Filing 20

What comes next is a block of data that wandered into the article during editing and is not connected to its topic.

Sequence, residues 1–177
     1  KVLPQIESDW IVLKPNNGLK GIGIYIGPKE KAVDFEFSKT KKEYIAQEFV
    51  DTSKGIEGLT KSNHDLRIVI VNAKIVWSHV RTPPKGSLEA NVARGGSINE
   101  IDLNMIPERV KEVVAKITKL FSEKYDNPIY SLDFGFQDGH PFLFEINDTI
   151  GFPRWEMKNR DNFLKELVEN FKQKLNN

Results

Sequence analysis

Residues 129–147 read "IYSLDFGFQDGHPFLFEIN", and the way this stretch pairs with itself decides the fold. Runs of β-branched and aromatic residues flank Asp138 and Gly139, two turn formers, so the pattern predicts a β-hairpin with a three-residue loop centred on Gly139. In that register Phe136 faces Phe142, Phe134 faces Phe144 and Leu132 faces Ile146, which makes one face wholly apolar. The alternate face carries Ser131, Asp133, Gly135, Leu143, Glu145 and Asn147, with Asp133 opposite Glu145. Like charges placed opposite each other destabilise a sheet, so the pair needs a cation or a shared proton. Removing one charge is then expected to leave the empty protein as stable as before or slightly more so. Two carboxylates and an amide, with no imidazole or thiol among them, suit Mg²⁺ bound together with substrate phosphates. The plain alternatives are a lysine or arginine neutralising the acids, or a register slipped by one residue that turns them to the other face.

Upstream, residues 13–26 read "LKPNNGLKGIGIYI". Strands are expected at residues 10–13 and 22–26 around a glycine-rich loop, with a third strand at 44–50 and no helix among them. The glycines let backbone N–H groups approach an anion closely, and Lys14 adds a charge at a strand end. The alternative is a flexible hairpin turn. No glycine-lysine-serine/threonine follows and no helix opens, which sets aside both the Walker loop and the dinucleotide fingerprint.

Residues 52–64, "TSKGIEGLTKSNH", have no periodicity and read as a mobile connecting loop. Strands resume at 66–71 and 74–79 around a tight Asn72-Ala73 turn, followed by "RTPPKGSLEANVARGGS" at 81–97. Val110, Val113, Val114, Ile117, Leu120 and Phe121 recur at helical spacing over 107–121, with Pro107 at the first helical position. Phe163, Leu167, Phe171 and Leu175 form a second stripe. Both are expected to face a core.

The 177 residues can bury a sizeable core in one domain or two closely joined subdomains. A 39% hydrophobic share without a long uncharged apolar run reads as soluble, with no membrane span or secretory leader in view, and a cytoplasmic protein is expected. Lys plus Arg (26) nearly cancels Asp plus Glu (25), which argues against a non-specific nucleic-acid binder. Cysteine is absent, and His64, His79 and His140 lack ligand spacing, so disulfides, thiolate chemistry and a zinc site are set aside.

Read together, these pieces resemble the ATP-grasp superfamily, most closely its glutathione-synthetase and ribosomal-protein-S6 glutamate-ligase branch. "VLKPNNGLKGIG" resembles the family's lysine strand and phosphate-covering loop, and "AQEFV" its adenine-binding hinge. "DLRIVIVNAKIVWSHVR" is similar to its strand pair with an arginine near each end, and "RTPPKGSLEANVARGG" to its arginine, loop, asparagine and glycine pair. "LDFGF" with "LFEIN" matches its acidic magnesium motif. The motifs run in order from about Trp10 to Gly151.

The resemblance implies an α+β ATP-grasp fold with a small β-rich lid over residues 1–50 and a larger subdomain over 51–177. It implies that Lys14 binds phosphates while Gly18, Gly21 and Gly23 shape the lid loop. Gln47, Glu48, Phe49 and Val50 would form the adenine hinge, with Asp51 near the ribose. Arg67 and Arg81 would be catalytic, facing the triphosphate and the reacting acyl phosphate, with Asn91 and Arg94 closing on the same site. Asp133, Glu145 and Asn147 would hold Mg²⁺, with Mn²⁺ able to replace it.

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IN THE UNITED STATES DISTRICT COURT FOR THE EASTERN DISTRICT OF PENNSYLVANIA ELLEN BETZ Plaintiff CIVIL ACTION No. 15-cv-00727 v. TEMPLE HEALTH SYSTEMS Defendant PAPPERT, J. AUGUST 6, 2015 MEMORANDUM While employed as a nurse for Defendant Temple Health Systems (“Temple”), Plaintiff Ellen Betz (“Betz”) encountered a workplace rife with sexually offensive behavior perpetrated by and among her female colleagues. When she complained about this behavior, she was ignored. When she continued to complain about this conduct, she was fired. She sues Temple, alleging, in part, sexually hostile work environment claims under Title VII of the Civil Rights Act of 1964 (“Title VII”) and the Pennsylvania Human Relations Act (“PHRA”). Temple moves to dismiss those claims pursuant to Rule 12(b)(6) of the Federal Rules of Civil Procedure, arguing that the factual allegations in the amended complaint are insufficient to state a claim for a hostile work environment under either law. The Court agrees and grants the motion. Factual and Procedural Background Betz worked for Temple as a registered nurse from 2003 until 2014. (Am. Compl. ¶¶ 11, 56, Doc. No. 8.) Around June 2009, Betz was transferred from Temple’s Northeastern Hospital to Temple’s Jeanes Hospital (“Jeanes”). (Id. ¶¶ 11,12.) Betz’s initial assignment at Jeanes did not present any problems. Betz, however, was transferred to work on a different floor at Jeanes around November 2012. (Id. ¶ 15.) Betz’s female coworkers on the new floor regularly engaged in offensive and inappropriate conduct. (Id. ¶¶ 16, 17.) Other nurses would regularly “joke” with each other by “licking, groping, making gestures or pretending to grope each other’s breast[s] and genitals.” (Id. ¶ 18.) This behavior occurred “on nearly a daily basis.” (Id.) For example, one day a nurse complained about having been stopped for a traffic violation. (Id. ¶ 19.) The other nurses made suggestions about how the nurse could have avoided a ticket, such as “show him the cleavage” and “blow him.” (Id.) In another instance, a coworker displayed photos “exemplifying the sexually offensive behavior [of] touching each other’s breasts and genitals” that was regularly on display at Jeanes. (Id. ¶ 23, 24.) Betz was also offended that two nurses named Helene and Anthony would “passionately and openly . . . kiss each other and rub each other’s genitals” in Betz’s presence. (Id. ¶ 40.) Betz complained about her coworkers’ offensive behavior “on multiple occasions.” She first complained to her supervisor, Dawn O’Connor (“O’Connor”). Not only did O’Connor take no remedial action, she allegedly threatened to terminate Betz if she made further complaints. (Id. ¶¶ 20, 21.) Betz also complained on multiple occasions to Nurse Manager Danielle Meinel (“Meinel”). Meinel also failed to take any remedial action. (Id. ¶ 22.) Finally, Betz complained to Brenna Woods (“Woods”), Temple’s Manager of Employee Relations, about the display of the sexually suggestive photographs. The pictures remained displayed for “a number of months” despite Betz’s report. (Id. ¶ 25.) After reporting her coworkers’ behavior, Betz became the subject of retaliatory conduct. Her coworkers called her a “rat” and a “snitch.” (Id. ¶ 28-29.) Betz received an anonymous voicemail stating, “You think you’re so smart. You picked the wrong side. When we want someone gone, they’re gone. You’re next.” (Id. ¶ 30.) Betz’s coworkers threw her lunch in the 2 garbage and, on one occasion, poured cranberry juice on it. (Id. ¶ 31.) Betz reported this retaliatory conduct to Temple’s Human Resources Representative, Jackie Naardi. (Id. ¶ 32-33.) After nothing was done, she complained to Woods and to Temple’s corporate office. (Id. ¶ 34.) Her complaints were never addressed. Betz was later fired for a reason that she alleges was pretextual.1 Betz filed suit against Temple asserting, among other things, causes of action for a sexually hostile work environment under both Title VII and the PHRA. (Compl., Doc. No. 1.) Temple moved to dismiss those claims pursuant to Rule 12(b)(6) of the Federal Rules of Civil Procedure. (Doc. No. 6.) In response, Betz amended her complaint as a matter of course under Federal Rule of Civil Procedure 15(a)(1)(A). (Am. Compl., Doc. No. 8.) Temple then renewed its motion to dismiss Betz’s hostile work environment claims under Rule 12(b)(6) for failure to state a claim upon which relief can be granted. 2 Legal Standard A Rule 12(b)(6) motion tests the sufficiency of the factual allegations in the complaint. Kost v. Kozakiewicz, 1 F.3d 176, 183 (3d Cir. 1993). When confronted with a 12(b)(6) motion, a district court must conduct a two-step analysis. Fowler v. UPMC Shadyside, 578 F.3d 203, 210 (3d Cir. 2009). First, the district court “must accept all of the complaint’s well-pleaded facts as true, but may disregard any legal conclusions.” Id. at 210-11. Then, it “must determine whether the facts alleged in the complaint are sufficient to show that the plaintiff has a ‘plausible claim for relief.’” Id. at 211 (quoting Ashcroft v. Iqbal, 556 U.S. 662, 679 (2009)). When making this 1 Because Betz’s claims for retaliatory discharge are not at issue the Court need not expound on the facts underlying those claims. 2 Betz also asserts claims for retaliation under Title VII and the PHRA, violation of rights and retaliation under the Family & Medical Leave Act, and defamation and interference with contractual relations under common law. Temple has answered those claims, and they are not at issue here. (See Answer to Am. Compl., Doc. No. 12.) 3 determination, the court can consider “the allegations contained in the complaint, exhibits attached to the complaint and matters of public record.” Pension Ben. Guar. Corp. v. White Consol. Indus., Inc., 998 F.2d 1192, 1196 (3d Cir. 1993). The district court must “construe the complaint in the light most favorable to the plaintiff . . . .” Phillips v. Cnty. of Allegheny, 515 F.3d 224, 233 (3d Cir. 2008). Discussion Temple argues that Betz fails to state a claim for sexual discrimination via a hostile work environment under Title VII and the PHRA. “The proper analysis under Title VII and the [PHRA] is identical, as Pennsylvania courts have construed the protections of the two acts interchangeably.” Huston v. Proctor & Gamble Paper Prods. Corp., 568 F.3d 100, 104 n.2 (3d Cir. 2009) (quotation omitted). As a result, the following analysis of Betz’s Title VII hostile work environment claim is equally applicable to her PHRA hostile work environment claim. See, e.g., Rose v. Woolworth Corp., 137 F. Supp. 2d 604, 608 (E.D. Pa. 2001) (“Our analysis of Plaintiff’s Title VII claims applies with equal force to Plaintiff’s PHRA claims.”). Title VII makes it “an unlawful employment practice for an employer . . . to discriminate against any individual with respect to his compensation, terms, conditions, or privileges of employment, because of such individual’s race, color, religion, sex, or national origin.” 42 U.S.C. § 2000e-2(a)(1). “When the workplace is permeated with discriminatory intimidation, ridicule, and insult that is sufficiently severe or pervasive to alter the conditions of the victim’s employment and create an abusive working environment, Title VII is violated.” Harris v. Forklift Sys., Inc., 510 U.S. 17, 21 (1993). Such a Title VII claim is termed a hostile work environment claim. 4 To survive a motion to dismiss a hostile work environment claim based on sex discrimination, a plaintiff must allege facts sufficient to make a plausible claim that (1) the plaintiff suffered intentional discrimination because of his or her sex; (2) the discrimination was severe and pervasive; (3) the discrimination detrimentally affected the plaintiff; (4) the discrimination would have detrimentally affected a reasonable person of the same sex in the same position; and (5) the existence of respondeat superior liability. See Andrews v. City of Phila., 895 F.2d 1469, 1482 (3d Cir. 1990). Here, Betz fails to plead facts sufficient to state a plausible claim that she suffered intentional discrimination because of her sex. First, Betz fails to allege facts sufficient to show that any discriminatory or harassing behavior was intentionally directed at her. Betz alleges that her coworkers engaged in offensive and inappropriate sexually charged behavior. She alleges that this behavior occurred solely between other nurses, albeit sometimes in her presence. Yet she does not allege facts to show that this conduct occurred only in front of her. To the contrary, she alleges that the general “work environment” was “sexually offensive” and unprofessional. (Am. Compl. ¶¶ 16, 17.) There are no facts in the amended complaint by which the Court can conclude that Betz states a plausible claim that the alleged conduct was intentionally directed at her.3 Second, even assuming that the offensive conduct was intentionally directed at Betz, she has not alleged facts to show that it was directed at her because of her sex. See, e.g., Koschoff v. Henderson, 109 F. Supp. 2d 332, 346 (E.D. Pa. 2000) (“Verbal and physical harassment, no matter how unpleasant and ill-willed, is simply not prohibited by Title VII if not motivated by the plaintiff’s gender (or membership in other protected groups).”). Because the alleged 3 Betz adequately alleges that certain conduct was intentionally directed at her after she reported the conduct that she found offensive. Those allegations support her retaliation claims, which are not contested by Temple’s motion. 5 harassers were other women, Betz must satisfy one of the three prongs needed to support a claim of same-sex harassment. A plaintiff alleging same-sex sexual harassment must show that either (1) the harasser sexually desires the victim, (2) the harasser displays hostility to the presence of a particular sex in the workplace, or (3) evidence exists that the harasser’s conduct was motivated by a belief that the victim did not conform to gender stereotypes. Bibby v. Phila. Coca Cola Bottling Co., 260 F.3d 257, 262 (3d Cir. 2001). Betz argues that the harassing conduct was motivated by the belief that Betz did not conform to gender stereotypes. In essence, Betz askes the Court to infer that “licking, groping, making gestures, or pretending to grope each other’s breast[s] and genitals . . . was perceived as stereotypical female behavior” at Jeanes. (Opp’n Br. ¶¶ 2, 18.) Betz then asks the Court to infer that Betz’s “coworkers continued to engage in the sexually offensive conduct . . . in front of [Betz] because she was a woman who refused to participate in the conduct.” (Id. ¶ 19.) Betz asks the Court to go too far. She does not allege any facts to support these attenuated inferences. She does not allege that her coworkers made any statements or remarks to show that they believed Betz was not living up to a stereotypical norm of female behavior, however Betz may be defining that phrase. She does not allege facts to show that her coworkers targeted other female workers who refused to join in their behavior. Betz does no more than allege that her female coworkers engaged in sexually explicit behavior that she found offensive and refused to participate in. This bare allegation is insufficient to allow the Court to infer that Betz’s female coworkers believed that Betz did not conform to a gender stereotype. See Barrett v. Pa. Steel Co., Inc., No. 14-cv-01103, 2014 WL 3572888, at *3 (E.D. Pa. July 21, 2014) (“Plaintiff must allege something more than mere remarks of a sexual nature to demonstrate discrimination due to non-compliance with gender stereotypes.”). 6 Betz’s factual allegations paint a picture of an uncouth, unprofessional, and offensive workplace. Nonetheless, Betz’s coworkers appear to have been equal opportunity offenders, putting their lewd conduct on display for all to see, regardless of race, color, religion, sex, or national origin. Accepting Betz’s alleged facts as true, she has certainly described conduct that does not belong in the workplace. Nevertheless, the Court is cognizant of the Supreme Court’s warning that Title VII is not a “general civility code for the American workplace.” Oncale v. Sundowner Offshore Servs. Inc., 523 U.S. 75, 80 (1998); see also Faragher v. City of Boca Raton, 524 U.S. 775, 788 (1998) (“Properly applied, [judicial standards on Title VII claims] will filter out complaints attacking the ordinary tribulations of the workplace, such as the sporadic use of abusive language, gender-related jokes, and occasional teasing.”). Betz’s hostile work environment claims are dismissed accordingly.4 An appropriate order follows. /s/ Gerald J. Pappert GERALD J. PAPPERT, J. 4 “[I]f a complaint is vulnerable to 12(b)(6) dismissal, a District Court must permit a curative amendment, unless an amendment would be inequitable or futile.” Alston v. Parker, 363 F.3d 229, 235 (3d Cir. 2004). Here, however, Betz improperly requests leave to amend in her opposition brief without attaching a copy of a proposed second amended complaint or notifying the Court of the substance of any contemplated amendment. See United States ex rel. Zizic v. Q2Administrators, LLC, 728 F.3d 228, 243 (3d Cir. 2013) (“[A] bare request in an opposition to a motion to dismiss – without any indication of the particular grounds on which amendment is sought – does not constitute a motion within the contemplation of Rule 15(a).”) (quotation omitted). Without this information, the Court has no means to assess whether further amendment would be futile. If Betz wishes to attempt to address the deficiencies in her amended complaint, she must file an appropriate motion pursuant to Federal Rule of Civil Procedure 15(a)(2). 7